To Commodore John Hazelwood
Head Quarters Whitemarsh [Pa.] 13th Novemr 1777
The weight of the Enemy’s Fire upon Fort Mifflin has made such an impression upon the Works, that I think it more than probable that the Garrison will soon be obliged to evacuate it totally, altho’ I have directed them to keep up a shew of possession as long as possible.1 I shall be glad, to know whether it will be possible for you to remain at or near your present station with the fleet, after our people have totally evacuated the Island, and the Enemy have taken possession? or whether it will be in your power to hinder them from erecting new Works upon the Island by the Fire of your Ships, Floating Batteries and Gallies? If this can be done, and we can keep possession of the Jersey Shore three Weeks longer, we may possibly hinder them from getting a clear passage thro’ the Chevaux de frize this Winter, which to us is the most desirable event. They have already carrd some of their smaller Vessels, such as Brigs and sloops, between the Islands and into Schuylkill.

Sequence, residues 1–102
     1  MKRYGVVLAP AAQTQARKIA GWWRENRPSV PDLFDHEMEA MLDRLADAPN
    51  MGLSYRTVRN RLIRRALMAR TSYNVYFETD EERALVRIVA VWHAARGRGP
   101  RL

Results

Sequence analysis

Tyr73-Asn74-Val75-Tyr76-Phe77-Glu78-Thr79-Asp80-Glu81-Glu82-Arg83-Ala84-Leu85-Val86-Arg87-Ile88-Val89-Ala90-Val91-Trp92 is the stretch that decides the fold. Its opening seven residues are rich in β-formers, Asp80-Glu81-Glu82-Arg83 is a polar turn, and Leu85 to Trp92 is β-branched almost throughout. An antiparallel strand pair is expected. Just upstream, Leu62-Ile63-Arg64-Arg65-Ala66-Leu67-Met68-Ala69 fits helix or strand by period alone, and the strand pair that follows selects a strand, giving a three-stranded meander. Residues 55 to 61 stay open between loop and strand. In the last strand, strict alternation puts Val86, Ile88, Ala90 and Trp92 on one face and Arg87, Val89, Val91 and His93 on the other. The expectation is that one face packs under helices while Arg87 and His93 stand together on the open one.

I confess myself unable to give you any Advice as to the disposition of the navy, supposing the Enemy in possession of Mud Island, and shall therefore be glad to have the opinion of yourself, and Officers upon the subject. I am Sir
LS, in Tench Tilghman’s writing, NjGbS. The cover, addressed to Hazelwood “Off Red Bank Delaware,” contains two notes apparently written in the nineteenth century.